Prior to Governor Pritzker’s budget proposal, he appointed two task forces to take a closer look at some potential solutions to Illinois’ pension underfunding problem. Or underfunding catastrophe. One of these task forces is looking into the benefits of consolidating Illinois’ approximately 650 pension funds as a way to cut down on administrative costs for these funds. I will cover consolidation in a separate blog post. But today, the focus is on the other task force that was established – asset relocation.


First, what exactly is “asset relocation”? Well, it’s a fancy term for transferring public assets– ostensibly from a government’s general fund to a pension fund to boost its value. Voila, problem solved, right?  Well, not so much. But with asset relocation, there are two options. Relocate an income-producing asset, which is what New Jersey did , by transferring its lottery and assigning it to one of their public pensions; to the tune of approximately $1 billion dollars in a year. The other option is to take an asset that is not currently producing income and find a way for it to generate new revenue and then funnel that income to a pension fund. Such as putting a parcel of government-owned land into a trust and selling it to a power provider or other end-user.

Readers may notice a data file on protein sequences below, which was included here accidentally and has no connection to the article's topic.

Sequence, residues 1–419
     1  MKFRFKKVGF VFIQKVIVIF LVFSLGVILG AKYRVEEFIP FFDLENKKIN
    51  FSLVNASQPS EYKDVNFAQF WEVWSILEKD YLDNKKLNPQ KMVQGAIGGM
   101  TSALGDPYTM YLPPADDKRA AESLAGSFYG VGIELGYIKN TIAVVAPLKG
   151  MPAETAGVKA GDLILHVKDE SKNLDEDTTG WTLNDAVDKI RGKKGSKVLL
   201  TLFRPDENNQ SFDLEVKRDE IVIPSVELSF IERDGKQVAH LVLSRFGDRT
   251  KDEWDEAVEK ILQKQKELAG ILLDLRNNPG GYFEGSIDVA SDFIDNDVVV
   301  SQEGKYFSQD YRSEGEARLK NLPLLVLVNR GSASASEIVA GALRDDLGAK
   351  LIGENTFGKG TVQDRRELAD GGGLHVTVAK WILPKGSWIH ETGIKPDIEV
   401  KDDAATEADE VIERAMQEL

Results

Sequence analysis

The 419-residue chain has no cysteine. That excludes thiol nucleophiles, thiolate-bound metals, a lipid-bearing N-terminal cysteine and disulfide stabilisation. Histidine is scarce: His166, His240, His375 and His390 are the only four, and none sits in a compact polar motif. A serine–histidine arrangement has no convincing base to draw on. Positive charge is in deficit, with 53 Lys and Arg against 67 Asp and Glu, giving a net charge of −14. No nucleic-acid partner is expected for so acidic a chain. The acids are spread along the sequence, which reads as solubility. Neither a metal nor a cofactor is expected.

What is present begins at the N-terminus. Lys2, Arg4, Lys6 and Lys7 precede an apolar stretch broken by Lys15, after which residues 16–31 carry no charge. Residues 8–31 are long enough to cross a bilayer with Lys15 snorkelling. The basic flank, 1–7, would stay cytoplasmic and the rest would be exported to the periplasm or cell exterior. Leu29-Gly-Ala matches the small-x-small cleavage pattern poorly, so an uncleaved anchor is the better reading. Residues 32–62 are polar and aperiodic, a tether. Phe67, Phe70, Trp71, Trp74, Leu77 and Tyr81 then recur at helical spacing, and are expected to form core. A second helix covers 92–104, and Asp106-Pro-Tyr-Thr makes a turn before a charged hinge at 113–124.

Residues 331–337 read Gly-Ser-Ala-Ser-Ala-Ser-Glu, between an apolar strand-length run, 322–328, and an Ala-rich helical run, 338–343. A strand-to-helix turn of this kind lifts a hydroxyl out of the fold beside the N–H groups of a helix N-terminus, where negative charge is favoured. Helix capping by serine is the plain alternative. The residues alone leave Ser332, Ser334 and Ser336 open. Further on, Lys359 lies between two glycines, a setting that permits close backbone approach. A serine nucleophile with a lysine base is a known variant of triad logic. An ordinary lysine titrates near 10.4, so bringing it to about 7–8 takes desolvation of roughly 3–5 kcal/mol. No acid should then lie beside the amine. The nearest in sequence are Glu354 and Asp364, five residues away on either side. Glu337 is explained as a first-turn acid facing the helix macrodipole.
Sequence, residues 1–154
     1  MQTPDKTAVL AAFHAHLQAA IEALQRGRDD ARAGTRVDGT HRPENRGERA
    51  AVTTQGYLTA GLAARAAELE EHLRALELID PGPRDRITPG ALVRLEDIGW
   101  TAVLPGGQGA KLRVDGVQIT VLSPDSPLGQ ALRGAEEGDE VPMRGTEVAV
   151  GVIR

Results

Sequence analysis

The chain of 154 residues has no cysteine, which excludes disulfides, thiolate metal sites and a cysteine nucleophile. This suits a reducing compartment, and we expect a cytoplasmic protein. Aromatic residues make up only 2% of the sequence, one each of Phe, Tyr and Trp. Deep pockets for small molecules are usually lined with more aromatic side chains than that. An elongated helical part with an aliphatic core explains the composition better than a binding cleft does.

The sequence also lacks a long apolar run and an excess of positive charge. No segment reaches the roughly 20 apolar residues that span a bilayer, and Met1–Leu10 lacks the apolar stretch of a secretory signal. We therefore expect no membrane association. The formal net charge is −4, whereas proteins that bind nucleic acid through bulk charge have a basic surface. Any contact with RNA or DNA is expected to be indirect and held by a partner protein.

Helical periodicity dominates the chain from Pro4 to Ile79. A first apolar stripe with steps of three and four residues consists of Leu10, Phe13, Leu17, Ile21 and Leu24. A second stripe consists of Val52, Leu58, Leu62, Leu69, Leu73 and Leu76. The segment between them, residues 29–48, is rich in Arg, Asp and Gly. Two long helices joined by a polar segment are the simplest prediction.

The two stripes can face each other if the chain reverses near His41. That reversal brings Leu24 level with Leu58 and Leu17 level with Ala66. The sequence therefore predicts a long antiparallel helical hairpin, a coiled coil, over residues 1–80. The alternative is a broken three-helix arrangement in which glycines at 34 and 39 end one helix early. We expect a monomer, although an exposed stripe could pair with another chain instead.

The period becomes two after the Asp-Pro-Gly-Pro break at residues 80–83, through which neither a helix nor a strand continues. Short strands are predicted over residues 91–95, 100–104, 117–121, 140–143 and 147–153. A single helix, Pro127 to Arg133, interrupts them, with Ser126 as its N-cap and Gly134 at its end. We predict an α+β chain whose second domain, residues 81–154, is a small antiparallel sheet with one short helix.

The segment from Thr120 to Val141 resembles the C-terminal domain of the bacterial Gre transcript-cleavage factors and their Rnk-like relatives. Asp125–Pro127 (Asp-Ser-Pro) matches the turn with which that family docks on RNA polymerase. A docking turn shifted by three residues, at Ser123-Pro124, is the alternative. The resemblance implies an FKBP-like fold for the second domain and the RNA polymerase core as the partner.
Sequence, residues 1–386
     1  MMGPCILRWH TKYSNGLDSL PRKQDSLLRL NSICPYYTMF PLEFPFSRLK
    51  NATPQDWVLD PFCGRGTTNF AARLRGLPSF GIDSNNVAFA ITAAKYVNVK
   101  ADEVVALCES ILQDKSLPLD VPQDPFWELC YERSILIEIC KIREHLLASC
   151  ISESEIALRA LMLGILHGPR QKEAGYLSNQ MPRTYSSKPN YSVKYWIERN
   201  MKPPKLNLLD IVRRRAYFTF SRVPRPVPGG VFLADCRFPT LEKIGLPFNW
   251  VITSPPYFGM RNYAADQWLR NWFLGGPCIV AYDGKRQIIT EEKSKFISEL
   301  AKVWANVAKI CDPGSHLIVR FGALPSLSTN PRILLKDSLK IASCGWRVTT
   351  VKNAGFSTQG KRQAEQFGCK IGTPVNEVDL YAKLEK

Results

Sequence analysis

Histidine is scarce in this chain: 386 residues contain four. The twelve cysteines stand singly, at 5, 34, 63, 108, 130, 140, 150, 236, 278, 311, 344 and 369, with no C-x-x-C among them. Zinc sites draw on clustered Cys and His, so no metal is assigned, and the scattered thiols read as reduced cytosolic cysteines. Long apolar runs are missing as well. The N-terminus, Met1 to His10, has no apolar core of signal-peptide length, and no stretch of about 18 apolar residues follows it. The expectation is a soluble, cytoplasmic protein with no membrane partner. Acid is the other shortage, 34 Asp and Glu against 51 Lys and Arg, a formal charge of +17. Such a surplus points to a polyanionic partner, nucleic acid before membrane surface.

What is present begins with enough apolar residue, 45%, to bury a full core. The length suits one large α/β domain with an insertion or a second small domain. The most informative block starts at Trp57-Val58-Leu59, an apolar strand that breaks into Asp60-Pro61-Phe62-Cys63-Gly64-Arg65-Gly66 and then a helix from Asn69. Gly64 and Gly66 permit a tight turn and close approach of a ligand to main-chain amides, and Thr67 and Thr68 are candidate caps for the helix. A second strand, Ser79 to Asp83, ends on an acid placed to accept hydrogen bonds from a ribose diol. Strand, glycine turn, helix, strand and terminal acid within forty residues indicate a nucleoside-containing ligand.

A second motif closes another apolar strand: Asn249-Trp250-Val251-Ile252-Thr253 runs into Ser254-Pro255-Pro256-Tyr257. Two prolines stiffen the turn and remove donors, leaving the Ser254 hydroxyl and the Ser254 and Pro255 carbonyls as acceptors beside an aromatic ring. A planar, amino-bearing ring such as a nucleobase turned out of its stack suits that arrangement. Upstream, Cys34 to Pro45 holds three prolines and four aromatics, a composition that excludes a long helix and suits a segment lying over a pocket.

The first type of asset relocation is not one that would essentially help the problem because it simply takes revenue from one part of the government’s budget and places in a new part without a feasible way to fill in the newly created gap. The second method is one that produces new revenue and could actually help start filling the bottomless cup that is our pension system.


Pritzker’s plan for the Asset Assessment Taskforce was to take a look at the billions of dollars worth of assets that the government controls in things like real estate and infrastructure. Similar to New Jersey, this could include looking at the Illinois Lottery. The task force is also going to look at toll road revenue as an asset to fund the pension systems. If Illinois were successful in transferring these assets to the pension system, the plan is that it could lower the annual contribution to the funds that are needed, or at least reduce the unfunded portion of the funds.


An announcement from the task force, which is led by Jacqueline Avitia-Guzman, stated that they will be looking into the tens of billions of dollars worth of assets that could be transferred over to the pension system. The best asset transfers under this system would not be one-time revenue increases but instead, consistent revenue producers. If this ultimately occurs it should be noted, the legal propriety may well be challenged.  


Out of the two task forces that are looking into the pension debacle, I am more inclined to side with the consolidation. The fact that there are specialized task forces at all is a step in the right direction. Now let’s see if they are able to follow through with any decisions that are made.